L’Autorité Nationale des Jeux (ANJ), France’s gambling authority, has reprimanded the iGaming and sports betting operator Winamax, forcing it to take down a part of its advertisements.
ANJ Forced Winamax to Take Down Tout pour la Daronne
The marketing campaign in question is the so-called “Tout pour la Daronne.” The ANJ ruled that it is in breach of France’s laws on gambling advertisements. According to the regulator, Tout pour la Daronne sent a socially-dangerous message that gambling is an easy way to become rich and respected in society – a notion the ANJ rejects.
The regulator pointed out that Tout pour la Daronne ad campaign depicted a man who becomes rich after winning a sports bet and subsequently fixes his life and helps his mother improve her living standard. The ANJ reminded that this kind of message was prohibited on November 4, 2020, amid concerns that such advertisements lead to higher gambling harm rates among poorer players.
The authority appealed to Article D. 320-9, 2. The law reads that “any commercial communication in favor of a gambling operator is prohibited when it suggests gambling contributes to social success.”
ANJ Is Concerned about France’s Gambling Harm Problem
The ANJ reprimanded Winamax and asked the operator to have this in mind for the future. Additionally, the regulator ordered all Tout pour la Daronne commercials and their associated materials to be taken down no later than a month after the warning.
The authority reasserted that Winamax’s future adverts must avoid giving people the idea that gambling is a way for them to change their social status and become more respected. It reminded that a healthy degree of hyperbole is not forbidden as long as it does not portray wagering as something that helps a person become wealthier and live a luxurious life.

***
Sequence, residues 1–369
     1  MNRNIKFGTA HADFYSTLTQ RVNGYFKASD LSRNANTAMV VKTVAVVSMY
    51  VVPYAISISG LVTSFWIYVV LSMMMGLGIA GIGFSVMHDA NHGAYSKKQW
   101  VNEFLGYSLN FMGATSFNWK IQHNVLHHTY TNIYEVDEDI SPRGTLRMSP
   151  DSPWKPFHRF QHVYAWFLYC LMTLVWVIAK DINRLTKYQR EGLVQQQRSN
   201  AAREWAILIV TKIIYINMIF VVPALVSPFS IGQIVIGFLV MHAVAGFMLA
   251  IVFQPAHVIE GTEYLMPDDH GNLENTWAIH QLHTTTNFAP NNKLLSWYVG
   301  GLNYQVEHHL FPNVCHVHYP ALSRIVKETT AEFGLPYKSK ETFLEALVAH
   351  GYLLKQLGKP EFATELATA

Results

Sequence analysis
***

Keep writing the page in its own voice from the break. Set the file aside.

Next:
The regulator noted that this is the first time Article D. 320-9, 2 has come into play, forcing it to take down a marketing campaign.
This decision was likely influenced not only by Tout pour la Daronne’s content but by the alarming rates of problem and underage gambling in France. A recent study concluded that many people start betting as young as 13. The survey questioned over 5,000 respondents aged 15 to 17 and concluded that many parents nurture a gambling habit in their children.
Seeing such dangerous tendencies take root, the ANJ intensified its efforts against non-compliant operators and illegal gambling companies. The country also hopes to lower the harm rates and secure a healthier gambling ecosystem.